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Russian developers created a platform for self-testing of AI medical services
Experts from the Center for Diagnostics and Telemedicine have developed a platform for self-testing services which is based on artificial intelligence and designed for medical tasks, such as for analyzing diagnostic images. (2020-08-07)
Tech sector job interviews assess anxiety, not software skills
A new study finds that the technical interviews currently used in hiring for many software engineering positions test whether a job candidate has performance anxiety rather than whether the candidate is competent at coding. (2020-07-14)
What ethical models for autonomous vehicles don't address - and how they could be better
There's a fairly large flaw in the way that programmers are currently addressing ethical concerns related to artificial intelligence and autonomous vehicles (AVs). (2020-07-06)
The first intuitive programming language for quantum computers
Several technical advances have been achieved recently in the pursuit of powerful quantum computers. (2020-06-15)
From digital to optical
Scientists have demonstrated how to create, using a femtosecond laser, an all-optical switch based on a metal-organic framework which can be synthesized in vitro and is usually used in chemistry for gas absorption. (2020-05-18)
Novel research speeds up threat detection, prevention for Army missions
Threat detection and prevention are essential to ensuring the safety and security of warfighters. (2020-05-04)
New AI enables teachers to rapidly develop intelligent tutoring systems
Intelligent tutoring systems have been shown to be effective in helping to teach certain subjects, such as algebra or grammar, but creating these computerized systems is difficult and laborious. (2020-04-30)
Bargain-hunting for biodiversity
The best bargains for conserving some of the world's most vulnerable salamanders and other vertebrate species can be found in Central Texas and the Appalachians, according to new conservation tools developed at the National Institute for Mathematical and Biological Synthesis (NIMBioS) at the University of Tennessee, Knoxville. (2020-03-16)
Caffeine boosts problem-solving ability but not creativity, study indicates
Want to boost creativity? Caffeine may not be the way to go according to a news study by U of A psychologist Darya Zabelina. (2020-03-05)
Speak math, not code
Writing algorithms in mathematics rather than code is not only more elegant but also more efficient, says 2013 Turing Award winner Leslie Lamport. (2020-03-01)
Occupational gender bias prevalent in online images, Rutgers study finds
Rutgers researchers say gender bias and stereotypes corresponding to certain occupations are prevalent on digital and social media platforms. (2020-02-03)
Unveiling a new map that reveals the hidden personalities of jobs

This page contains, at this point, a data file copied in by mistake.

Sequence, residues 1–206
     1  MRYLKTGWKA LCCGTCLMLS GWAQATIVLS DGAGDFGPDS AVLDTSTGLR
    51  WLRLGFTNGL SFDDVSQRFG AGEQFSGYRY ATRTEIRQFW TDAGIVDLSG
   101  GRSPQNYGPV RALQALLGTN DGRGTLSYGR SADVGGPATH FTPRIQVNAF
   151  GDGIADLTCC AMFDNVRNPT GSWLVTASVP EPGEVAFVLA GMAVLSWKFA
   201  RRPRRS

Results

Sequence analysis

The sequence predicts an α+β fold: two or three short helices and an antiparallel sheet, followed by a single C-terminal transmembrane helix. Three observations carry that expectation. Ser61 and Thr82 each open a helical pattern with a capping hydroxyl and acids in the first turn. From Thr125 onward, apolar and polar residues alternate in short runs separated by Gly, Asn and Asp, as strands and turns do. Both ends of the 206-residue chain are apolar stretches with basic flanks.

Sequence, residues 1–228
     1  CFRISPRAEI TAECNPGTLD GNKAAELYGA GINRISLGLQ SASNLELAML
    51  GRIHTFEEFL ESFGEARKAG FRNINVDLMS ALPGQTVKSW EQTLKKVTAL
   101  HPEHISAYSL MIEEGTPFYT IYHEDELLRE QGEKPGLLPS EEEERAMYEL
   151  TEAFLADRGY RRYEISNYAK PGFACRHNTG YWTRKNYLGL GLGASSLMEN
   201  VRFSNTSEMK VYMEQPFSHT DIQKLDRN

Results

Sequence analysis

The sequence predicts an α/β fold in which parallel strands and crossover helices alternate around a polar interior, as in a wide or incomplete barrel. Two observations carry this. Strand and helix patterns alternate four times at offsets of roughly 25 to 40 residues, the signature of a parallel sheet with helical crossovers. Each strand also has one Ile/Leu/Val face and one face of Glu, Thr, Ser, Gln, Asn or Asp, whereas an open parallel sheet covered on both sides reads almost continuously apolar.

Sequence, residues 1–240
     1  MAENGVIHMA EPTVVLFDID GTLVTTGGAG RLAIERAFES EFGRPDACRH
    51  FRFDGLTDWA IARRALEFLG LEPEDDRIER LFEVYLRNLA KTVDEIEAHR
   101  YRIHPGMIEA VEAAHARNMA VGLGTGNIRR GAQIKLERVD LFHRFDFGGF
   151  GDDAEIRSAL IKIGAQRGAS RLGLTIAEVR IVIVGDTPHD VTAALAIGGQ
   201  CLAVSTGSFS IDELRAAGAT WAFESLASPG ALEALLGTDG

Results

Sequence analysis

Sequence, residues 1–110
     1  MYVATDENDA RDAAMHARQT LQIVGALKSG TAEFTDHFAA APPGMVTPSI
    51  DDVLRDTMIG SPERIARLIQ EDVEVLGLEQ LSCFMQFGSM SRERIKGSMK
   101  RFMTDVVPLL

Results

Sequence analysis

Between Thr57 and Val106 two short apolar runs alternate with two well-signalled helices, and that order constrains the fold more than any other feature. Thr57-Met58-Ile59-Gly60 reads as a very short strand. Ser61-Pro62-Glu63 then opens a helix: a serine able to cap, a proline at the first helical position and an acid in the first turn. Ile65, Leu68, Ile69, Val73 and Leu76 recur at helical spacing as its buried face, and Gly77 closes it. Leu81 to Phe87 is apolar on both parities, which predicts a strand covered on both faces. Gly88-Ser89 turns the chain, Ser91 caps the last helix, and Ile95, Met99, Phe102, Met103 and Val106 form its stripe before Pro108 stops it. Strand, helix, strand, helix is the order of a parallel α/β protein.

It's been long been believed that different personalities align better with different jobs. (2019-12-16)
AI could offer warnings about serious side effects of drug-drug interactions
Researchers at Penn State have developed a machine learning system that may be able to warn doctors and patients about possible negative side effects that might occur when drugs are mixed. (2019-10-15)
Uncovering the hidden 'noise' that can kill qubits
MIT and Dartmouth College researchers have demonstrated, for the first time, a tool that detects new characteristics of environmental 'noise' that can destroy the fragile quantum state of qubits, the fundamental components of quantum computers. (2019-09-16)
Software companies follow the skills and move where the staff are
Software companies are more likely to base their operations in locations where skilled potential recruits already work -- rather than staff moving to new areas for fresh opportunities. (2019-09-10)
What artificial intelligence can teach us about proteins
Proteins are vital parts of all living organisms and perform essential tasks in our bodies. (2019-05-15)
Computer scientists create reprogrammable molecular computing system
Caltech researchers have designed self-assembling DNA molecules with unprecedented reprogrammability. (2019-03-20)
Study reveals the hidden contributions of women to a branch of science
A new study by San Francisco State University researchers shows that it's possible to reveal women's once-hidden scientific work by analyzing decades-old research papers in the field of theoretical population biology. (2019-02-07)
The good and evil of ghosts, governments, and machines
Perceptions of morality in non-people to be discussed at Society for Personality and Social Psychology Annual Convention in Portland, Oregon. (2019-02-06)
Hunt for interesting metabolites with the antiSMASH database
Scientists who treasure hunt for interesting bacterial metabolites using the online tool antiSMASH now have the opportunity to use an antiSMASH database with pre-calculated results of nearly 25,000 bacterial genomes. (2018-11-07)
Artificial intelligence bot trained to recognize galaxies
Researchers have taught an artificial intelligence program used to recognize faces on Facebook to identify galaxies in deep space. (2018-10-31)
Artificial neural network now capable of finding medication complaints in social networks
'Cannot get asleep all night', 'a little giddy' and other complaints in social networks can now be translated into formal medical terms, such as insomnia or vertigo. (2018-09-17)